Political stability must be quickly achieved through unity, new Malaysian prime minister said in his first speech


Ismail Sabri Yaakob said he would invite the opposition to be part of the National Recovery Council and the COVID-19 committee.

New Malaysian Prime Minister Ismail Sabri Yaakob adopted a conciliatory tone in his first national speech on Sunday, saying he would embrace the opposition in a bid to tackle the pandemic and revive a declining economy.

A day after being sworn in, Mr Ismail said the political battles that led to a change of government twice since the 2018 election had been damaging to the country and distressed the public.

” Moving forward. Let’s stop this conquest of political power, ”he said, urging all lawmakers to find common ground and work together to help the nation recover.

The new prime minister, 61, said he would invite the opposition to be part of the National Recovery Council and the COVID-19 committee.

Political stability must be quickly achieved through unity, and this includes cooperation between parties,” he said.

Many see Mr. Ismail’s appointment as a return to the status quo. He was deputy prime minister under Prime Minister Muhyiddin Yassin, who resigned on Monday after less than 18 months in office as infighting within his coalition cost him majority support.

Mr Ismail has sought to distance himself from the government of Mr Muhyiddin, which has been accused of failing to stem the pandemic despite a seven-month state of emergency and a lockdown since June.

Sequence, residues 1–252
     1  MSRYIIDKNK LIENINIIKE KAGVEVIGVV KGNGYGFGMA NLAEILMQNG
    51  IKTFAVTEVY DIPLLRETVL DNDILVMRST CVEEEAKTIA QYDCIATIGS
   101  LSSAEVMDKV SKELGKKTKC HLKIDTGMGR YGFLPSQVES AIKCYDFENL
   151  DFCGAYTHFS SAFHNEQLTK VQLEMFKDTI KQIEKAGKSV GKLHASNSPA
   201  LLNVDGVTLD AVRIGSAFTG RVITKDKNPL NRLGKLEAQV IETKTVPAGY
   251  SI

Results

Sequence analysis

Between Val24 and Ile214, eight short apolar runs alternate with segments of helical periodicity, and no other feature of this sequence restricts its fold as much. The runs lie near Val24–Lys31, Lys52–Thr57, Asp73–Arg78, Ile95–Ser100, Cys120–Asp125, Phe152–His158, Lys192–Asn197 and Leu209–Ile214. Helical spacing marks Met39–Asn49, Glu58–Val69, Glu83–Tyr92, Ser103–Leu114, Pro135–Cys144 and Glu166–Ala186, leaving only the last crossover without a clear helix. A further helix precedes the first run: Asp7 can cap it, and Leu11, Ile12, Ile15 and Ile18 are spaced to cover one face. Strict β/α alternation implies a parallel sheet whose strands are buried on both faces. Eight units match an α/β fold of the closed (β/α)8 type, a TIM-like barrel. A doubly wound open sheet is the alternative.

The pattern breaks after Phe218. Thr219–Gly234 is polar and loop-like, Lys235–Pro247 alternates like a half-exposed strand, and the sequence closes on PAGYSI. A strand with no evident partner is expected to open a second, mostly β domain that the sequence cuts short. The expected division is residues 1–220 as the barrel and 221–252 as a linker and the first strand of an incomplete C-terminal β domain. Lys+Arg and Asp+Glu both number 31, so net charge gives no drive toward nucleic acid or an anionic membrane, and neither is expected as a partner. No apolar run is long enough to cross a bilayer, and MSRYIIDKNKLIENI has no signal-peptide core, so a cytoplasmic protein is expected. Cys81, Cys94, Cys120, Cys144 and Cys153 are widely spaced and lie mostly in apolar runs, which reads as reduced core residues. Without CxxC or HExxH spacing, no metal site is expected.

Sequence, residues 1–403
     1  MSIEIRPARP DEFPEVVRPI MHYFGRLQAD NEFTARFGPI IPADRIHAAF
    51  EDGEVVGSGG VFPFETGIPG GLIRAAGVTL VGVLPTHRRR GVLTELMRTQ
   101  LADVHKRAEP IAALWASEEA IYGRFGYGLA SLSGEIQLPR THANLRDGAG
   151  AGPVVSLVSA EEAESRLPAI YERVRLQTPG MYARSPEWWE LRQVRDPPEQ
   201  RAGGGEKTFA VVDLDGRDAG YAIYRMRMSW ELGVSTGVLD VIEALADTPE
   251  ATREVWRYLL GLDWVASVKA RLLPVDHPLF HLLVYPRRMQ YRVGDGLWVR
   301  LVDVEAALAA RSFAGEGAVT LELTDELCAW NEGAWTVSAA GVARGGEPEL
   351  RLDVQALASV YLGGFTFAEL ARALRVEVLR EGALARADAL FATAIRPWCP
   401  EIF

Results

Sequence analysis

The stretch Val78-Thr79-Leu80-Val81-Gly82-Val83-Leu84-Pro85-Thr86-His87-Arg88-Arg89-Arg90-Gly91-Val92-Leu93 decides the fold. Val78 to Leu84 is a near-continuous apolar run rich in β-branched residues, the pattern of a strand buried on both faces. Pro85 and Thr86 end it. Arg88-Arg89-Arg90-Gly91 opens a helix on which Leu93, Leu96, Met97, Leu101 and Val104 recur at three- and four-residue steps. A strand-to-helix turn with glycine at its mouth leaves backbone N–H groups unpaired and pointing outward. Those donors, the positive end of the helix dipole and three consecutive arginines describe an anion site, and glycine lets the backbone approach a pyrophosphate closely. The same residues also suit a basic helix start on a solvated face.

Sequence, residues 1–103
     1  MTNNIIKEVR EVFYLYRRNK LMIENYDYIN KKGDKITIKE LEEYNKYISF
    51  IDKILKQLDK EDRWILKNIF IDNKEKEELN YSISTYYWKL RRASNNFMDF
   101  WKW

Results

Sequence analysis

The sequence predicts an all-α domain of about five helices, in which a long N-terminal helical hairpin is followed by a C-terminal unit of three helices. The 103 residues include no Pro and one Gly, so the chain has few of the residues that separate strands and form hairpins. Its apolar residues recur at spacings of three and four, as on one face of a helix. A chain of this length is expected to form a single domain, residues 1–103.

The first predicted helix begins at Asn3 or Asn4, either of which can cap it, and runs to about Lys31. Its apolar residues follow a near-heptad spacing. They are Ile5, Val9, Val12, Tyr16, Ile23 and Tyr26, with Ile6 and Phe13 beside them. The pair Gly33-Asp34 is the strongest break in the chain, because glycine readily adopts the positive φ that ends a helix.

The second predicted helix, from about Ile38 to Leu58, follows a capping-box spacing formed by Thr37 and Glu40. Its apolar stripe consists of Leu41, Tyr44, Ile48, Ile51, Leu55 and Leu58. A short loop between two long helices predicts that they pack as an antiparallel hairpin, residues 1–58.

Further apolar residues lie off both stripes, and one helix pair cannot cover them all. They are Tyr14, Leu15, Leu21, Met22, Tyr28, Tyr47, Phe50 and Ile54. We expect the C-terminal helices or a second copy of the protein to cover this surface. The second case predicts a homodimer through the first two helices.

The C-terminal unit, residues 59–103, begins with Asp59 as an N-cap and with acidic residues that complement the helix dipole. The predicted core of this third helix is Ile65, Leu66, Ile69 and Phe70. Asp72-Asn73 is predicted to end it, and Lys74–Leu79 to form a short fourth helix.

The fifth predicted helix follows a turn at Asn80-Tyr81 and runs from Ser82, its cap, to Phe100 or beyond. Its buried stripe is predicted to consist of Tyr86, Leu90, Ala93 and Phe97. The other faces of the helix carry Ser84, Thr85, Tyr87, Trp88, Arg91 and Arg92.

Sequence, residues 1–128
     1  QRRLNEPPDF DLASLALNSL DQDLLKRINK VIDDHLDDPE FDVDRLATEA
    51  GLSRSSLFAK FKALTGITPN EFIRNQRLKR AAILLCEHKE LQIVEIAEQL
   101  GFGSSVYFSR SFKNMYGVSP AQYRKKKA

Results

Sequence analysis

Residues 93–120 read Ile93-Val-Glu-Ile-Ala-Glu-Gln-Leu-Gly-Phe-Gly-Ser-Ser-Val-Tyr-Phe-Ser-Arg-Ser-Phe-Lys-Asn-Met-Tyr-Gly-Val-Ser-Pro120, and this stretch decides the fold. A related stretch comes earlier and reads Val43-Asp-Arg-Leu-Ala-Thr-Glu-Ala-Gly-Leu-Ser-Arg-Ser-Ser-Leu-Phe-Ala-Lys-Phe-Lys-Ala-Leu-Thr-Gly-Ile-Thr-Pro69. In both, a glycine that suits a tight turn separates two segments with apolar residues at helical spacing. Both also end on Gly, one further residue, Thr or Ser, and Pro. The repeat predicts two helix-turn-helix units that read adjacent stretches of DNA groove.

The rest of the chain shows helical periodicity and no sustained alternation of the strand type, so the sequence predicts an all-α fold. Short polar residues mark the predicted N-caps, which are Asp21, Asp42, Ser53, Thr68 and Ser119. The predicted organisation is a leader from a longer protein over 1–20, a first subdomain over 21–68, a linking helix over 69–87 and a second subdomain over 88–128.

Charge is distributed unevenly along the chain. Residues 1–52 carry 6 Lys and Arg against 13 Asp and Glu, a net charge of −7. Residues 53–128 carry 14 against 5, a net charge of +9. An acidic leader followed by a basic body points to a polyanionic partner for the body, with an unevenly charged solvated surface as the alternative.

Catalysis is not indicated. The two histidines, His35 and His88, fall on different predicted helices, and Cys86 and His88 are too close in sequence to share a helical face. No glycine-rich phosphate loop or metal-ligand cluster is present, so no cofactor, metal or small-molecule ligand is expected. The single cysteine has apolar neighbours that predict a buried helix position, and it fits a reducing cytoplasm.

Mr. Ismail won the support of 114 lawmakers for a slim majority – one who also brought Mr. Muhyiddin’s alliance back to power and returned the post of prime minister to the United Malaysian National Organization of Ismail. The party has ruled Malaysia since gaining independence from Britain in 1957, but was ousted in the 2018 election amid a multibillion-dollar financial scandal.

Mr Ismail said the government will purchase an additional six million doses of the coronavirus vaccine, which will arrive next month to bolster vaccination efforts. He did not provide further details. He said he believes that once the country achieves collective immunity, the virus will no longer pose a serious threat. More than half of Malaysia’s adult population is fully vaccinated.

New daily infections have more than doubled since June to a record 23,564 on Friday, bringing the country’s total to more than 1.5 million cases. The deaths have climbed to more than 13,000. The central bank has cut its estimated growth forecast this year to between 3% and 4% due to the lockdown.

Mr Ismail said he understands the public is suffering as thousands of people have lost their livelihoods. He said his government would introduce new policies to increase purchasing power and strengthen the private sector.

“Let’s work together, as a great Malaysian family, to bring Malaysia back to its level of prosperity that we have all been used to. I am committed to working with people, ”he said.

Mr. Muhyiddin withdrew his party from the reformist alliance that won the 2018 election and formed a new government in March 2020 with the UMNO and several other parties.

But UMNO was not happy to play second violin in Muhyiddin’s little group. In the end, 15 UMNO lawmakers withdrew their support for Mr. Muhyiddin, causing his government to collapse.

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